Training a Custom Classifier - Amazon Comprehend

Training a Custom Classifier

To train a custom classifier follow these steps.

  1. Provide your training data with the custom classes that you want the classifier to recognize.

  2. Put your training data in an Amazon Simple Storage Service (Amazon S3) bucket. The bucket must have AWS Identity and Access Management (IAM) Amazon Comprehend read permissions that allow Amazon Comprehend access. For more information, see Role-Based Permissions Required for Asynchronous Operations. Create another S3 bucket with the same requirements for your output.

  3. Submit a training job using the CreateDocumentClassifier operation.

You can train a custom classifier by using any of the following languages that work with Amazon Comprehend: English, Spanish, German, Italian, French, or Portuguese. However, you can only train the classifier in one language. Classifiers do not support multiple languages.

After you ask Amazon Comprehend to create a custom classifier, you can monitor the progress of the request using the DescribeDocumentClassifier operation. Once the Status field is TRAINED you can then use the classifier to classify documents.

Creating Training Data

To train a custom classifier (custom model), identify the classes you want to use for classification. For example, pricing, defect, or profanity. Next, identify examples of documents for each of these classes. For each class, provide a minimum of 10 documents for training. For example, if you have 10 possible classes, you need a total of at least 100 classified documents to train the model. For more accurate training, we recommend at least 50 documents or more for each class.

Note

Even though you can use multiple classes in a classifier, no hierarchy is determined by them when you use the classifier on a document.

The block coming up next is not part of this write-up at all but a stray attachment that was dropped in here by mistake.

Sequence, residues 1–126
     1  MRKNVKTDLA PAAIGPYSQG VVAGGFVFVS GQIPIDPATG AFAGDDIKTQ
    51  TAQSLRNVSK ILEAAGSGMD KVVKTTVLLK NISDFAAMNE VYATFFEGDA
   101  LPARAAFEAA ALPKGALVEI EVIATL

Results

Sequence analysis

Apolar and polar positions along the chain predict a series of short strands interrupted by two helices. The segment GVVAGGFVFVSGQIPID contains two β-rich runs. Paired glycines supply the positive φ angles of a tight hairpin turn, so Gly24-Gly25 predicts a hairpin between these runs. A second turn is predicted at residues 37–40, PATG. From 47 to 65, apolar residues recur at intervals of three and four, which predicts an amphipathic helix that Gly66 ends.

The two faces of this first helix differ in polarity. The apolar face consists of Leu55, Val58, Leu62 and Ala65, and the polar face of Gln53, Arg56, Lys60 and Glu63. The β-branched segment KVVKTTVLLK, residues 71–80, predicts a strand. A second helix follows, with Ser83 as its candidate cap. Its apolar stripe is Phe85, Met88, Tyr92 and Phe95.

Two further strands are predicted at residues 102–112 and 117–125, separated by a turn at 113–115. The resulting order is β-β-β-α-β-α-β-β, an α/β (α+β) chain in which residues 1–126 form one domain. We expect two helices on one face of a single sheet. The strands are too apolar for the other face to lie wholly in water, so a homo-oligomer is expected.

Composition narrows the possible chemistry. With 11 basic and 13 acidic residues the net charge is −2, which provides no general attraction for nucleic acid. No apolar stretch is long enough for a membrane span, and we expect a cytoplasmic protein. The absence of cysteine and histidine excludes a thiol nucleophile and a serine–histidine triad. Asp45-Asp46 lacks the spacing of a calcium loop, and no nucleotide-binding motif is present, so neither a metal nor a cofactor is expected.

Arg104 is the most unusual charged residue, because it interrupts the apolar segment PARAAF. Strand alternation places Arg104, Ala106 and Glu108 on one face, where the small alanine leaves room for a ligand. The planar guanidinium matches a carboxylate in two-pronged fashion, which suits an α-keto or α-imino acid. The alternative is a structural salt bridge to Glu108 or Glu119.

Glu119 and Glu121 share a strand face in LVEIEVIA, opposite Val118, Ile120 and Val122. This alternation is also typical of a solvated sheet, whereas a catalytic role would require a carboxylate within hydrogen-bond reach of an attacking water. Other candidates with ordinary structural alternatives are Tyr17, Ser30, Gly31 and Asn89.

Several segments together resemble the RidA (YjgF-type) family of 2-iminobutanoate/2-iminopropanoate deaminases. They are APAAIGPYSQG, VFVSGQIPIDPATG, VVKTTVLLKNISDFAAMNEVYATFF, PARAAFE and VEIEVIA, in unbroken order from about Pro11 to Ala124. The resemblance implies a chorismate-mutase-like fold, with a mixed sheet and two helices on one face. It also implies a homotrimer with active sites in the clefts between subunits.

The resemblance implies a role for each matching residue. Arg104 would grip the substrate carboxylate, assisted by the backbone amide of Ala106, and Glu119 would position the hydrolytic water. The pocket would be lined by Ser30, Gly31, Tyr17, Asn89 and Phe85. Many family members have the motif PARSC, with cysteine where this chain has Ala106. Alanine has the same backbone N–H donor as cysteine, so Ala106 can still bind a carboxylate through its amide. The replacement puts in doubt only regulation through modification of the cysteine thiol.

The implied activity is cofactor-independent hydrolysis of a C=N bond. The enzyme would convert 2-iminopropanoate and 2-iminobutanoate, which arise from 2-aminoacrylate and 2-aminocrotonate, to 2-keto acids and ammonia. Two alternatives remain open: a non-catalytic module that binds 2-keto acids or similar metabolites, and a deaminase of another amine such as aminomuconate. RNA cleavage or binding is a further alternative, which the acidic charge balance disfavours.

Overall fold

When training your classifier, the data must be in a single .csv file. The format of the data will depend on which classifier mode you choose.

In each line, the class name is placed first, followed by the complete document.

Classes can be any valid UTF-8 string. We suggest classes that are clear and don't overlap in meaning. Labels must be uppercase and can be multiple-token. They can have white space, consist of multiple words connected by underscores or hyphens, or may even contain a comma in it, as long as it is correctly escaped.

Training documents must end with \n or \r\n and be valid UTF-8 in a .csv file. Additionally, each document should contain a representative distribution of the types of documents that the classifier must categorize in general practice.

We recommend that you train the model with 50 or more training documents for each class. While a minimum of 10 training documents for each class is required, you get better accuracy with more documents. The total size of the training documents must be less than 5 GB.

Multi-Class and Multi-Label Modes